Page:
15. 15. In 2017, more than 1.2 billion works have been licenced under Creative Commons https://stateof.creativecommons.org
  16. 16. Legal and Technical Legal Code, Human Readable Deed, Meta-Data http://creativecommons.org/licenses/
  17. 17. Work posted on Flickr under Attribution license
  18. 18. Used in The Iron Man feature film
  19. 19. Creative commons gives creators a choice Some rights reserved but sharing made easy and legal.
  20. 20. Summary of Open Licenses
  21. 21. Creative Commons licenses Attribution Attribution - NonCommercial - NoDerivs Attribution - NonCommercial - ShareAlike Attribution - NonCommercial Attribution - NoDerivs Attribution - ShareAlike
  22. 22. Combining Creative Commons licenses
  23. 23. But isn’t Creative Commons Licensing preventing creators from making a profit?
  24. 24. But why should I share what I worked on? • Sharing begets sharing • “Shoulders of giants” – allows others to use your wor • Attribution • Contribute to the global body of knowledge • Doesn’t discriminate • Goodwill – sharing community https://creativecommons.org/wp-content/uploads/2017/04/made- with-cc.pdf
  25. 25. Can someone else use the work commercially? But the work must also be CC-BY-SA Commercial use? New versions? But the new work must also be BY-NC, but under any of the other compatible licenses But the work must also be CC-NC-BY-SA
  26. 26. Evaluating your media resources • If resource falls under copyright protection, either: • Recreate the resources using office or online tools • Replace the resource with a similar resource by finding an open source alternative or by creating your own resource • Obtain permission from the author, publisher, editor, organization who holds the copyright • Reconsider if the resource is really necessary
  27. 27. Take care to check… • Copyright of – Pictures – Graphics – Texts
  28. 28. Obtaining copyright permission • The UCT library has a resource on obtaining copyright permission to distribute material to students. • http://plo.uct.ac.za/user.php • E-mail the publisher. • If the document rights holder cannot be located, you cannot use the resource.
  29. 29. Best Practices for Attribution • TITLE • AUTHOR • SOURCE – LINK TO WORK • LICENSE – NAME + LINK House of Knowledge Variation1 by Adrien Sifre CC BY-NC-ND
  30. 30. http://google.com/docs http://www.gliffy.com/ But What if I REALLY need a piece of content?
  31. 31. But how different does it have to be? Answer: Not very.
  32. 32. How do I license my work? Licensing your work is easy. No registration is required. You simply add a notice that your work is under CC BY. Here’s how
  33. 33. • You can edit the text for your specific project. • Go to http://creativecommons.org/choose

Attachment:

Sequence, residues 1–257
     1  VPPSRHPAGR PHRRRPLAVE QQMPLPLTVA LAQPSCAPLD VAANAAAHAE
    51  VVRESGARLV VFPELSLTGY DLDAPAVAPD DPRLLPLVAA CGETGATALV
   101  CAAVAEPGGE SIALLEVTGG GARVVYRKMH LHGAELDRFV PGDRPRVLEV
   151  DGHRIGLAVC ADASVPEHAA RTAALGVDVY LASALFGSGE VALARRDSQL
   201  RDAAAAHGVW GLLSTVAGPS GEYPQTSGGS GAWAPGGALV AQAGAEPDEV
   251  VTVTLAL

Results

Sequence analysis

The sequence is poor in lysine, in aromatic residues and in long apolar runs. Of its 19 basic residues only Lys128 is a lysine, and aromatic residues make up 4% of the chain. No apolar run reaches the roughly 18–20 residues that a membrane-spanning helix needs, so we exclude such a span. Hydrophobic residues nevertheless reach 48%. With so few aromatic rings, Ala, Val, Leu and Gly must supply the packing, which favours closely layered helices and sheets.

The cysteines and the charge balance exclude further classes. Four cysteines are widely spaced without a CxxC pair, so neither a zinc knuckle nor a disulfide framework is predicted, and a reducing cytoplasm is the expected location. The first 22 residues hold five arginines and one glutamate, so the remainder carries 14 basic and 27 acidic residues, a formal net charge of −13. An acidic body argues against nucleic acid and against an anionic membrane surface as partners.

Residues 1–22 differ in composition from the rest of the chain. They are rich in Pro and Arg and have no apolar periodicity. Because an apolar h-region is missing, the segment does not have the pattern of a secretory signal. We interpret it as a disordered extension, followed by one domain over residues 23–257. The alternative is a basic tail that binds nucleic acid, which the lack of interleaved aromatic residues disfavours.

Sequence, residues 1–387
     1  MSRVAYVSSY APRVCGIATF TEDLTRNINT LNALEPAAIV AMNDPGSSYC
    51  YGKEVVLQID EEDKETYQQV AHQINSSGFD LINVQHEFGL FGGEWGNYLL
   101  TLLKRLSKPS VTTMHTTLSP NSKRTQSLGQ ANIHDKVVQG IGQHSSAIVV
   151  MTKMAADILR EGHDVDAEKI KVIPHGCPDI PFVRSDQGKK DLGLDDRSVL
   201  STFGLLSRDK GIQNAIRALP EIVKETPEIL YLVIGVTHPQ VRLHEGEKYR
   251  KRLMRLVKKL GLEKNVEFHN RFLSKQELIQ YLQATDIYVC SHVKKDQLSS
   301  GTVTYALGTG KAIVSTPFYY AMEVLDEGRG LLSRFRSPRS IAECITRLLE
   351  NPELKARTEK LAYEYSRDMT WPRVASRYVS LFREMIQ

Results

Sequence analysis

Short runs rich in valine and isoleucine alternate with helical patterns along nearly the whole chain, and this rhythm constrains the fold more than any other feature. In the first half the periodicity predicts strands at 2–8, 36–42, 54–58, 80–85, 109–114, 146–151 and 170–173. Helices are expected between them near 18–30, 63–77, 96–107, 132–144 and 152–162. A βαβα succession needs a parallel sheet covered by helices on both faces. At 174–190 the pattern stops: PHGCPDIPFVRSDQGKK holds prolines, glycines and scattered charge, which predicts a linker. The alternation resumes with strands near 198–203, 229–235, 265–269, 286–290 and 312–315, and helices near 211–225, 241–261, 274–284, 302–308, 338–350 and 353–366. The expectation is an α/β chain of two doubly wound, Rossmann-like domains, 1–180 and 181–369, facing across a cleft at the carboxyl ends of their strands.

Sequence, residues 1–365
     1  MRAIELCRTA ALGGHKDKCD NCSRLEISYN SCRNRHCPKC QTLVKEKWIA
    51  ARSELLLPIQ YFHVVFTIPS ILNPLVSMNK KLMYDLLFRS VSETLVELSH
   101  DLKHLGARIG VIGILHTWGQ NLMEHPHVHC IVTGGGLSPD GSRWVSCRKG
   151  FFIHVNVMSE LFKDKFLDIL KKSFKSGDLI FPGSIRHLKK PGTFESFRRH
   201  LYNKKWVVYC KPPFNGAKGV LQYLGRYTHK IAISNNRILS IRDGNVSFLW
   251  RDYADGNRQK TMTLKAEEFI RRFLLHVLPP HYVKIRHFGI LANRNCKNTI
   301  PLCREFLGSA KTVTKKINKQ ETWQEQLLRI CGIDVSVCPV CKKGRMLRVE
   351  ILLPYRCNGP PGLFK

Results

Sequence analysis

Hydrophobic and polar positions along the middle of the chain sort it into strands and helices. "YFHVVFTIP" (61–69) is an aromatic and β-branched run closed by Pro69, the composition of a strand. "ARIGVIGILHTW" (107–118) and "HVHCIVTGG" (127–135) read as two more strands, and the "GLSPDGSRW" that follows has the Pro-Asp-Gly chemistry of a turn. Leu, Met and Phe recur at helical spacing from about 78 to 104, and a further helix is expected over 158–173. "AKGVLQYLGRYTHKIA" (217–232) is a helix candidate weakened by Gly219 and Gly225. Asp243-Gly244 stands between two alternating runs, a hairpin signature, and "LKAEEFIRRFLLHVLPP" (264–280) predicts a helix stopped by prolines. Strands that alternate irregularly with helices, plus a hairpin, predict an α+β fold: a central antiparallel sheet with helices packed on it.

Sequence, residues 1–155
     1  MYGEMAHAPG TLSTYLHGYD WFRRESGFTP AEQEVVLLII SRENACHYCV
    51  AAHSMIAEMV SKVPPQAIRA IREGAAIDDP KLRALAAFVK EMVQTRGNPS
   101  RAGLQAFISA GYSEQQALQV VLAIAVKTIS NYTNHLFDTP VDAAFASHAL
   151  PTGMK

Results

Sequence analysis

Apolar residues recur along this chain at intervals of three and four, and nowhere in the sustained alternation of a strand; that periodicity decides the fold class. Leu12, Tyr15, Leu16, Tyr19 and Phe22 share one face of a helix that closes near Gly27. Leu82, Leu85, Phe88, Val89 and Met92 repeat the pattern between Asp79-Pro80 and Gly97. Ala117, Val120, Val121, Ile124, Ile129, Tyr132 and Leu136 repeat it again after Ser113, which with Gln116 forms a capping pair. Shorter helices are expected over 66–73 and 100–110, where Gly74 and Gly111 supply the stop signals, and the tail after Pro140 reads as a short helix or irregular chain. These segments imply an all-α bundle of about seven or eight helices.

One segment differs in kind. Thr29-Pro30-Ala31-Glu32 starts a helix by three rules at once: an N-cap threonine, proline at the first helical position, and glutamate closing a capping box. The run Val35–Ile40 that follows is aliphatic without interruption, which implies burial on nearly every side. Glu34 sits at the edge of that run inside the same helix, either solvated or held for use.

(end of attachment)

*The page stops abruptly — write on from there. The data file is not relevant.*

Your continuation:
34. 34. So now that I have one, what do I do with it? Paste where you usually put copyright info: Copyright and Creative Commons by Fayyaad Hendricks. Licensed under a Creative Commons Attribution 4.0 International License.
  35. 35. • http://www.google.com/advanced_search
  36. 36. How to find OER via Search Engines
  37. 37. How to search via the Creative Commons site
  38. 38. OER Directories www.oerafrica.org/ https://amser.org/ http://serc.carleton.edu/index.html www.readwritethink.org/ https://p2pu.org/en/ www.saylor.org/ www.klascement.net/?hl=en
  39. 39. Recorded & Video Tutorial Platforms www.khanacademy.org/ http://ocw.mit.edu/courses/audio-video-courses/ http://webcast.berkeley.edu/ http://oyc.yale.edu/ www.openculture.com/freeonlinecourses https://itunes.apple.com/us/app/itunes-u/
  40. 40. Open Book/textbook directories www.gutenberg.org/ www.openculture.com/free_textbooks www.intratext.com/ www.siyavula.com/ www.ck12.org/ www.collegeopentextbooks.org/ http://openstaxcollege.org/ http://open.bccampus.ca/
  41. 41. Presentation sources www.slideshare.net/ https://speakerdeck.com/ www.slidesnack.com/ www.authorstream.com/share-presentations- online/
  42. 42. www.bitstrips.com/ http://xkcd.com/ https://phet.colorado.edu/ http://bestanimations.com/
  43. 43. www.wikiversity.org/ www.curriki.org/ http://cnx.org/ www.merlot.org/merlot/index.htm http://wikieducator.org/Main_Page www.jorum.ac.uk/
  44. 44. Credits • Original presentation by Glenda Cox, remixed by Fayyaad Hendricks • Prepared by: Finding OER slides • See Glenda’s Presentations at Slideshare: https://www.slideshare.net/GlendaCox1 • Henry Trotter – henry.trotter@uct.ac.za / trotterhenry@hotmail.com • Slides inspired by the presentations of Paul Stacey, Shihaam Shaikh, and the Open Professionals Education Network (OPEN). • See Paul Stacey’s OER presentations at: http://www.slideshare.net/pstacey • See Shihaam Shaikh’s “Finding Open Stuff” presentation at: https://open.uct.ac.za/handle/11427/2346 • See also the “Find OER” site by the Open Professionals Education Network (OPEN): https://open4us.org/find-oer/